Sue Townsend was born in Leicester in 1946. She was brought up in the suburbs, where she spent most of her free time playing in local fields and woods.
Sue only learned to read at the age of eight when, off school with mumps, she was given by her mother a pile of Just William books and taught to read in just three weeks. From that moment she became obsessed with reading. Later, she started to write for the school magazine.
Sue left school at fifteen with no qualifications and found employment in a string of unfulfilling jobs, from petrol-pump attendant to shop assistant. She kept writing, but did so in secret. At eighteen she married and a year later her first child was born. With two more children in her family and a subsequent divorce, she at last found a job she enjoyed – at the youth club on the estate she lives in.
In 1978 Sue met Colin Broadway and after she admitted to him that she had been writing secretly for years he encouraged her to join a writer’s group at Leicester’s Phoenix Arts Centre. After the third meeting, where Sue had shown nothing nor said anything, she was told to share some work with the group next week. Two weeks later she presented Womberang , a play set in a gynaecological waiting room. The play was put on and in 1979 won a Thames Television Playwright Award, including a bursary as Writer in Residence.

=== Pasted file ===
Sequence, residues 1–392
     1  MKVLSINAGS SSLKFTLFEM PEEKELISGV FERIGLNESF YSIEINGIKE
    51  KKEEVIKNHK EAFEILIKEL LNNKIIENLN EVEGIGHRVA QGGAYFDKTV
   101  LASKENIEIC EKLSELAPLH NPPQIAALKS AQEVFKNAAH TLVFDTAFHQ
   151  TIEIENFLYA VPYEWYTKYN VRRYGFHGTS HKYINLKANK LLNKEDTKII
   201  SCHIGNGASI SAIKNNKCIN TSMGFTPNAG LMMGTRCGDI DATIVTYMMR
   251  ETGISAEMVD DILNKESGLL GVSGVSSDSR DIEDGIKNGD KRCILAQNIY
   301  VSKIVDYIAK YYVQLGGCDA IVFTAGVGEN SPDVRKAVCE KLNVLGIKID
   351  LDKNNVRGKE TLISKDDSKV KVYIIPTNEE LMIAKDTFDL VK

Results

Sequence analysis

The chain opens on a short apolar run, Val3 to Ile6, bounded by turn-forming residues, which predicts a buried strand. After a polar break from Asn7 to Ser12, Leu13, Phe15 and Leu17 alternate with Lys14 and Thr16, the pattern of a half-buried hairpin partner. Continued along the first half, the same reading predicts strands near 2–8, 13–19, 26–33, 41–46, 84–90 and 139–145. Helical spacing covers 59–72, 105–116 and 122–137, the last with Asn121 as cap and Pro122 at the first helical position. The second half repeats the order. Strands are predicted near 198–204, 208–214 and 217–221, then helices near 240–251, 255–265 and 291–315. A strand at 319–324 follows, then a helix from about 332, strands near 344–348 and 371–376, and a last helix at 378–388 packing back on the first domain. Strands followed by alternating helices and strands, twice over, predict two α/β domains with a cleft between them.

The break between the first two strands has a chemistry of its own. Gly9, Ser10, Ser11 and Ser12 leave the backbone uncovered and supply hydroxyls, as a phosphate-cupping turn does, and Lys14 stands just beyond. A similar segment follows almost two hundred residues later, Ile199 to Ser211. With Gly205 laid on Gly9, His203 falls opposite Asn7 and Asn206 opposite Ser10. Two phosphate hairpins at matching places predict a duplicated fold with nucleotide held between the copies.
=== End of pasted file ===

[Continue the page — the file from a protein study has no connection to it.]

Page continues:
Having, almost by accident, embarked on a professional writing career, Sue went on to write numerous successful plays, including Bazaar and Rummage (1982) and The Great Celestial Cow (1984), both of which were performed at London’s Royal Court Theatre.
But it was the Adrian Mole diaries, which Sue had started in 1975, writing the first two and a half months in one sitting, that brought her lasting fame. These first appeared as a half-hour piece on Radio Four in 1982 as The Diary of Nigel Mole. Later that year, the publishers Methuen brought out The Secret Diary of Adrian Mole, aged 13 ¾ (1982) and later its sequel, The Growing Pains of Adrian Mole (1984). Together these books made Sue the bestselling author of the 1980s. There have been six further books in the Adrian Mole series , which have sold over eight million copies and have been adapted for radio, television and theatre.
In 1991 she was awarded an Honorary MA by the University of Leicester and subsequently has placed her papers in their Special Collections archives. Sue has continued to write other books, many of which have also gone on to be bestsellers, including The Queen and I (1992) and Number 10 (2002). Her latest novel is The Woman Who Went to Bed for a Year, published in 2012 by Michael Joseph.